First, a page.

In July and August of 2016, we produced a four-part blog series titled:
“Social Security Myths.” In Myth #4 we focused on the rhetoric that Social Security disability claims were soaring, and sought to evaluate the sensational assertions using facts that are readily available, for anyone who cared to look anyway.
Recently, this false claim regarding disability was put forth again for the sole purpose of making some hard to understand, and politically charged, points when the President’s budget director stated the following in an interview on CBS:
“Do you really think that Social Security disability insurance is part of what people think of when they think of Social Security? I don’t think so. It’s the fastest-growing program. It grew tremendously under President Obama. It’s a very wasteful program, and we want to try and fix that.”
We called this type of statement, “The Typical Spin,” in our Myth #4. The view expressed above solely identifies SSDI as both the “fastest growing program” and a “very wasteful program.” Let’s keep it simple here, and break down, what’s inaccurate and just plain incorrect about this statement.
Social Security Disability is the Fastest Growing Program?
The rate of claims for disability has gone up and down in recent years, correlating strongly with the economic environment. However, the rate of all the claims that are granted has remained consistent with respect to the total number of workers in the workforce.
Approximately 0.5% of all workers are awarded disability benefits per year (about 1 in 200). This rate has been consistent for at least the last ~20 years.
It is important to look at this data as rates and percentages instead of as absolute totals. If we were to compare absolute numbers, the number of claimants would always be increasing, if the number of workers increased. More workers, more injuries, more disability.
This last point is also very notable in this discussion. Workers: Injuries: Disability: SSDI. SSDI is a benefit for workers; it is an insurance program they (workers) have paid into through their payroll, and is not “welfare,” in the pejorative sense.
In fact, looking at the data, even in recent years – while the rate of those claiming disability has gone up, the rate of the award has remained at the 0.5% we just discussed. By this measure, Social Security has been more restrictive than expected in awarding claimants’ disability benefits.
Taking all this into account, it is tough to see how the “fastest growing program” is the program that has become more restrictive to applicants over the last couple of years. Of course, this is because SSDI is in fact, NOT the fastest growing program administered by the Social Security Administration.
It’s Not Just Our Take on This…
The LA Times dug into this issue – comparing in precise numbers the rise in awards for SSDI (in absolute terms) vs. the increase in awards for SSI. While SSI enrollment has grown by 10 million in the last eight years, SSDI enrollment has increased by only 1.2 million in the same amount of time, and in fact, decreasing since 2014.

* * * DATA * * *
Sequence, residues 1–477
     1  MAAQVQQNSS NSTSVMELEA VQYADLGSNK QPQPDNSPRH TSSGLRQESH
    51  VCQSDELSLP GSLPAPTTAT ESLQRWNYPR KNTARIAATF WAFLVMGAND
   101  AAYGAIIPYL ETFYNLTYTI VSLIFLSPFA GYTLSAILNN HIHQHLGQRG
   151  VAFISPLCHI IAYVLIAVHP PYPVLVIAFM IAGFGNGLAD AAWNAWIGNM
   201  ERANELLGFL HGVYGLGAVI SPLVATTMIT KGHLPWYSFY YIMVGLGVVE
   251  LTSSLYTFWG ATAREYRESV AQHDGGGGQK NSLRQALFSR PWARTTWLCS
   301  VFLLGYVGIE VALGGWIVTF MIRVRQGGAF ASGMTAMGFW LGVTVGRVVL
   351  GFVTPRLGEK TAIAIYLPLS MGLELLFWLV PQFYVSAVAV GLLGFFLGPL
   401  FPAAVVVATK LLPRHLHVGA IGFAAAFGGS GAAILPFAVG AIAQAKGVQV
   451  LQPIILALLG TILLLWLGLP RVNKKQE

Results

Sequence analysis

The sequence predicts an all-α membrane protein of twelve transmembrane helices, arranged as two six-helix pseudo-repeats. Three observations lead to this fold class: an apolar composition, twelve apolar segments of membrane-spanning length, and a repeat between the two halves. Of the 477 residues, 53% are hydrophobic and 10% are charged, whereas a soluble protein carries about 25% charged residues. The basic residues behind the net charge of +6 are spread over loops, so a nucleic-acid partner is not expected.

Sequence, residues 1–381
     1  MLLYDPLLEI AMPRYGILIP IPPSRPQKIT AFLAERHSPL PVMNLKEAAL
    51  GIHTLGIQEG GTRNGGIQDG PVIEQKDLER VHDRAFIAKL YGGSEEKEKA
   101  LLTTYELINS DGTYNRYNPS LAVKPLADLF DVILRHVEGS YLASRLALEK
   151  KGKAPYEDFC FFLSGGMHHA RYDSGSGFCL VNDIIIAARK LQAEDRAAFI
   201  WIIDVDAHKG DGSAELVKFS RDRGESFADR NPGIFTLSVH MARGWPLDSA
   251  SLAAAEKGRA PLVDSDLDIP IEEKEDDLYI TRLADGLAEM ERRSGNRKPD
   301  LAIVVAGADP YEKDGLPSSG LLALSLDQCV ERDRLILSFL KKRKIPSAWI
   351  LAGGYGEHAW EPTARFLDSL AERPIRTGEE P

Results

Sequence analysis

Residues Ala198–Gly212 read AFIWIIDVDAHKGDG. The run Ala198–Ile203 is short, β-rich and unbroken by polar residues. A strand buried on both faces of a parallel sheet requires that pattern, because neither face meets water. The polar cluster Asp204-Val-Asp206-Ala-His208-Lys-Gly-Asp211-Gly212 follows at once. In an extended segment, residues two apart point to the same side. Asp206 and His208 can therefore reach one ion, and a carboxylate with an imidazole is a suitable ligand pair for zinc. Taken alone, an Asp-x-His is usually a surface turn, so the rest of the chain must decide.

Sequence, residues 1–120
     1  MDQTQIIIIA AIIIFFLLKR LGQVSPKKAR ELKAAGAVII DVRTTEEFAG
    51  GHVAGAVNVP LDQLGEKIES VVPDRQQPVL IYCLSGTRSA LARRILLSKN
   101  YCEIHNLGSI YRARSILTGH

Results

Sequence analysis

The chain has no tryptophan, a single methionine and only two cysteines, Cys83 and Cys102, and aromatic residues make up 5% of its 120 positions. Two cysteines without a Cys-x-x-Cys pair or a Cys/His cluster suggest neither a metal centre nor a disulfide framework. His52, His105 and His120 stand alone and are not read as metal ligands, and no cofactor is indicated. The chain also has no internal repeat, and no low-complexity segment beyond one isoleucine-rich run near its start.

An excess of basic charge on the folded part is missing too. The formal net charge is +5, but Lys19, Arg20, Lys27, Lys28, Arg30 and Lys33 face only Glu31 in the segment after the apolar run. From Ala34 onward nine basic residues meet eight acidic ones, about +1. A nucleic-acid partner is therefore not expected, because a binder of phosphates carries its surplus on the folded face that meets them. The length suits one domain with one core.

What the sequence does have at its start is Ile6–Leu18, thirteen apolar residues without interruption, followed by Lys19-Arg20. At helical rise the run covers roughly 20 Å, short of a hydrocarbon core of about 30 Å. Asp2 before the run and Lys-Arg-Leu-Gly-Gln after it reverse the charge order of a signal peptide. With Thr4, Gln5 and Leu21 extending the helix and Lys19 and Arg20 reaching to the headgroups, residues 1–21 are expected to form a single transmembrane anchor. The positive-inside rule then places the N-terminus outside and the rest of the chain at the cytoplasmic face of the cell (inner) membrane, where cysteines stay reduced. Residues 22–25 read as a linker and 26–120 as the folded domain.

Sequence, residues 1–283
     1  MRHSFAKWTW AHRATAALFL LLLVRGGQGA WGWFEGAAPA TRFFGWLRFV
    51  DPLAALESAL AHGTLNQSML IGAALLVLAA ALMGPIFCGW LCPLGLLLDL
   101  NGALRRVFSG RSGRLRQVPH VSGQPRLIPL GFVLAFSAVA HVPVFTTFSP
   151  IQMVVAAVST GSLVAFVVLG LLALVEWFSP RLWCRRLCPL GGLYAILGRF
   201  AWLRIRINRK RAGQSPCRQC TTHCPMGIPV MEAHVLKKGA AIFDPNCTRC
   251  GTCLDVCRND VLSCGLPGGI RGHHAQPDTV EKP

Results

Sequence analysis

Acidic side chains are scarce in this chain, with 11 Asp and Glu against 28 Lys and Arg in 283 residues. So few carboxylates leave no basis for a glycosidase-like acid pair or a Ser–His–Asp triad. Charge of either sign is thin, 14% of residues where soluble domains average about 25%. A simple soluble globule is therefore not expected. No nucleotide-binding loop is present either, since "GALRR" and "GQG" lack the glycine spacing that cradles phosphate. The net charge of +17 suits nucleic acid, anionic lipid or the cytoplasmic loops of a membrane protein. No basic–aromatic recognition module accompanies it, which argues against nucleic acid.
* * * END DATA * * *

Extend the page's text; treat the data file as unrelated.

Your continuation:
Social Security Disability is a “Very Wasteful Program?”
Sadly, the President’s budget director only let out this tiny soundbite. However, when you are already telling a fib, why not tell another. Again, we covered this in our series on Social Security Myths. In particular, Myth #2: People Are Denied Benefits Because of Fraud in Social Security Claims.
To concede a point, we will call something a waste whether the intent to receive improper benefits was purposeful or merely a happy accident. We will be very loose in our definition to give the absolute best interpretation of the Budget guru’s words. So how do they bear out?
Between 2005-2014, Social Security found that 0.7% of those receiving benefits knowingly or unknowingly received some level of benefits they should not have. That’s $11 Billion over 10 years. A pretty big number! So, how does this rate of fraud, waste, and abuse compare to other government programs? Or even, the private sector?
In 2011, it was estimated that ~7% (10x SSDI by %) of Medicare spending was lost to fraud and abuse. In real terms that is $11billion lost in 10 years for Social Security disability and $177billion lost in 1 year for Medicare. That is not a typo – it’s the Economist.
Private Sector: In 2014, a study by the National Retail Foundation and the University of Florida found that shrink (lost product to theft) averaged, 1.38% (2x SSDI by %). In total numbers, that is $44 billion lost in 1 year to private sector retail theft, vs. $11 billion over ten years for SSDI.
Consequences and Why We Should Care
It is honestly a head scratcher how Social Security Disability is the “most wasteful program.” For that matter, how it is the “fastest growing program.” By all analytical accounts, it is neither. However, it is the easiest program to bash, and that has genuine consequences.
When truly legitimate applicants seek disability benefits, they already face an uphill battle. Social Security is already more likely than not to deny a claim on the first go-round. This barrier is on top of the terrible realization that their injuries are in-fact obstacles to employment. Shaming remarks towards the benefit itself or those who need it very likely will make people avoid pursuing it or avoid letting their support network know they are seeking it.
If you are reading this, and think you might need Social Security Disability benefits, please reach out to Lilac City Law. We will help you figure this out, without spin.